whatever strategy is adopted must command the support of farmers and their veterinary surgeons. Otherwise it will not work.

Would the use of vaccination have made any difference to the scale and/or duration of the outbreak, and its wider impact?

Routine vaccination was not allowed under EU rules. Vaccination could have been used with the permission of the Commission as a control measure during the outbreak, and we believe it would have made a significant difference....For the future, the EU should consider allowing animals vaccinated in order to control an outbreak to live instead of being killed later


Animal welfare suffered as a result of poor supervision and management of slaughter teams


In some areas the slaughter teams were not properly trained in appropriate animal handling, stunning and killing techniques for large-scale slaughter in the field, or properly equipped.

Cattle sedative injections were available at some centres and not others: sedated cattle allowed more accurate placement of captive bolt guns especially where stock were not used to being handled. Since the slaughter teams were paid piece rates they had an incentive to maximise the rate of killing.

There were reports that the contractual arrangements excluded a number of experienced slaughtermen, while less competent people were used.

Some TVIs were concerned at the lack of experience of some of the slaughter teams and their disregard for animal welfare at times.

It is essential that slaughter teams should be under veterinary oversight, and that the supervising veterinary surgeon should be sufficiently mature and experienced to exercise effective control. TVIs were not initially made aware that they were responsible for supervising slaughter or the health and safety of operatives; later MAFF tried to reduce the extent of veterinary supervision of slaughter teams to as little as one TVI per ten farms.

Protest by the TVIs and a rapid response from the RCVS resulted in a reversal of this policy change. Immediate euthanasia of diseased animals by veterinary surgeons could have eased some welfare problems and reduced the spread of infection, but not all TVIs were equipped for the purpose.

23. Animal welfare also suffered as a result of movement restrictions. There were severe problems in early April as a result of the confusion and delays in operating the various licensing schemes.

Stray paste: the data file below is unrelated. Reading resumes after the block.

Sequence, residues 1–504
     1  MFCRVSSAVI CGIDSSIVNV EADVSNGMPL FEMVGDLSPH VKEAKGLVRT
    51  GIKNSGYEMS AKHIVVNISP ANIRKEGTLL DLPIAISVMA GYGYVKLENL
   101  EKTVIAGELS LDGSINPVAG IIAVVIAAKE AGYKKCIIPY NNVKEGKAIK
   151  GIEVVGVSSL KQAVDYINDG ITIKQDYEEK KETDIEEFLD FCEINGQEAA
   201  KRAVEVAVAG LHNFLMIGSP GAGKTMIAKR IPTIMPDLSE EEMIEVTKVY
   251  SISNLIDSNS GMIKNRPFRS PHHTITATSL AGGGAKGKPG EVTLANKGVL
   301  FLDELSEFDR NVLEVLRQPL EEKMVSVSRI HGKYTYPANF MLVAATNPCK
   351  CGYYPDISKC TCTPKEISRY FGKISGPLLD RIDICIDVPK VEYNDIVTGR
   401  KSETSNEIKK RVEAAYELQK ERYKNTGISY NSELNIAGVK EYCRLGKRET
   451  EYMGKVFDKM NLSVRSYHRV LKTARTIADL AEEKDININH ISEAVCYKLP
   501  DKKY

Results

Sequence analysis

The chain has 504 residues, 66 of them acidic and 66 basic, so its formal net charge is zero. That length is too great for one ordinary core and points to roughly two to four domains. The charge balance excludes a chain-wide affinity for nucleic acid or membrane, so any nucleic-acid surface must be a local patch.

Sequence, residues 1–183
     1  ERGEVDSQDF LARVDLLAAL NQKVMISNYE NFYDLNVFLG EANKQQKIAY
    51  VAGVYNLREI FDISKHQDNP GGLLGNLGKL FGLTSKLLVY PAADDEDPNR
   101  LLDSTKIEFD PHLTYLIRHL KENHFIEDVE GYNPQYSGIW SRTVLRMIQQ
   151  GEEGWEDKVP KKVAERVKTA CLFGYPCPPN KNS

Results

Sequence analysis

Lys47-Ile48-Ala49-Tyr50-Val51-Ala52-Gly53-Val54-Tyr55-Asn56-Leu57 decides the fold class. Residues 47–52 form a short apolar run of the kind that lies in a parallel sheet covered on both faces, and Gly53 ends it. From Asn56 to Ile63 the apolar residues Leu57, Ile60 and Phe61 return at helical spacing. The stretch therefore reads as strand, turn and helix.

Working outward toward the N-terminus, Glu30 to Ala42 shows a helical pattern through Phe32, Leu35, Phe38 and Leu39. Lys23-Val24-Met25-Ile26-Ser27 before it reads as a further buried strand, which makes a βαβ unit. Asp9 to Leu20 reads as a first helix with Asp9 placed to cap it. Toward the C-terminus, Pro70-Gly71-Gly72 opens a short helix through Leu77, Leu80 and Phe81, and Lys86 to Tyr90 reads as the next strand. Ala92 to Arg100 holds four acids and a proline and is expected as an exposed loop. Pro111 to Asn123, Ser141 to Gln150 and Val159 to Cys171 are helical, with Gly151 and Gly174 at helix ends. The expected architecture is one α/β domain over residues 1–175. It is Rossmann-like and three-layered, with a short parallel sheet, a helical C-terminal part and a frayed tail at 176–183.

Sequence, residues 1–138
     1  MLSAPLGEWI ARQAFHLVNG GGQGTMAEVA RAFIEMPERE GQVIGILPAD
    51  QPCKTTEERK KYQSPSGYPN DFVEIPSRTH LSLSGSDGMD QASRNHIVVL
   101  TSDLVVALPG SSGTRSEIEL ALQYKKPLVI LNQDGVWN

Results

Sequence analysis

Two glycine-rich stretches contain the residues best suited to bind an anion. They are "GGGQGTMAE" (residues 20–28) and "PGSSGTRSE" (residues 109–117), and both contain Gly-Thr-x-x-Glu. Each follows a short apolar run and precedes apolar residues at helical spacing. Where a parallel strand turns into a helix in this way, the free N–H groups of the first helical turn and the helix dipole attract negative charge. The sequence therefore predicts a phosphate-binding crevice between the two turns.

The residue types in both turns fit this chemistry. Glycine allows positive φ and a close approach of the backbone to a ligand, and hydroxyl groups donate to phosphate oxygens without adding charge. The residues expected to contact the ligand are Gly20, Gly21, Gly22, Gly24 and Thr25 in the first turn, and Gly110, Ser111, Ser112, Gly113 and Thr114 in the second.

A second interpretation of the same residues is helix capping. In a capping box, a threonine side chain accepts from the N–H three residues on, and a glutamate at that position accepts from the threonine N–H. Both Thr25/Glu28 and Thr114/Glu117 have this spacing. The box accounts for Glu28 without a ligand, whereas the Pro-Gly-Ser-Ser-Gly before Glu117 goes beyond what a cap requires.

Animals were starving, ewes giving birth unaided and newborn lambs drowning in mud. Much of this could have been avoided if veterinary surgeons with practical experience on the ground had made an input into the design of movement schemes and LVI practices had been involved in issuing movement licences from the outset.

There were particular weaknesses in respect of feed supplies, where contingency plans should have identified central collection points, and movement of animals for slaughter for human consumption, where the "infected corridor" principle was not applied consistently.

24. Disposal of carcases on so large a scale was bound to be a problem, given that burial was not allowed in many areas.

The chosen strategy of controlling the outbreak by large-scale slaughter of animals which had not been exposed to infection did not take account of the limits on disposal capacity.

Contingency plans need to identify sites within the main livestock areas where disposal would be feasible and permitted, and carcases which are to be moved should not be allowed to decompose first.

Carcases of infected animals awaiting disposal may have transmitted infection, especially when scavenged by foxes and badgers. When carcases were moved for incineration or rendering the necessary standards of hygiene were not maintained.

Veterinary surgeons saw hair and other tissues being spread by pyres and leaky lorries transporting carcases, even being photographed with legs sticking out of the back. The Army should have been brought in more promptly to organise disposal. .